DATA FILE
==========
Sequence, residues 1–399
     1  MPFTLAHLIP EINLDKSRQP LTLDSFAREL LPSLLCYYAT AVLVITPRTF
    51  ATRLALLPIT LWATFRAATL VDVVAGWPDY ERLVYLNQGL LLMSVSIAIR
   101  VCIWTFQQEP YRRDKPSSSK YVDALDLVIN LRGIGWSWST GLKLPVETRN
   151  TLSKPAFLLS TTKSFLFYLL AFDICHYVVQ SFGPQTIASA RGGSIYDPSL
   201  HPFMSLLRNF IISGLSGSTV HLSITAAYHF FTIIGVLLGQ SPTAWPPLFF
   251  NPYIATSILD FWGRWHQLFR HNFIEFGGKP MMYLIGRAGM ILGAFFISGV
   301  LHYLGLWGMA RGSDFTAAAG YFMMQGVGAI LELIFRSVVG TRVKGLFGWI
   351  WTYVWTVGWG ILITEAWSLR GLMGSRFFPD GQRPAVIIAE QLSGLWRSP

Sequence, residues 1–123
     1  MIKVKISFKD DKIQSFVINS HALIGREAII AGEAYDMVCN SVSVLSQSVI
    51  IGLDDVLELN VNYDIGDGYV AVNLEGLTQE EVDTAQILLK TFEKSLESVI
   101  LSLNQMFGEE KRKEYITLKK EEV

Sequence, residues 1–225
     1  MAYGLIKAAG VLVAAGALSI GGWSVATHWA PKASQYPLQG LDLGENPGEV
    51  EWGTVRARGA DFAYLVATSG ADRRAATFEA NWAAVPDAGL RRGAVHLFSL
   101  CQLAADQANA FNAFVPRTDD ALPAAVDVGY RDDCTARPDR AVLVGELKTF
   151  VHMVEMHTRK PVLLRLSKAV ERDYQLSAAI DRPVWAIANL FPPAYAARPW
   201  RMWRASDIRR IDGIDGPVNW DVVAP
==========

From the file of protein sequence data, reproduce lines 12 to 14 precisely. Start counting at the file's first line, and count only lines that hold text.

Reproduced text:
    51  IGLDDVLELN VNYDIGDGYV AVNLEGLTQE EVDTAQILLK TFEKSLESVI
   101  LSLNQMFGEE KRKEYITLKK EEV

Sequence, residues 1–225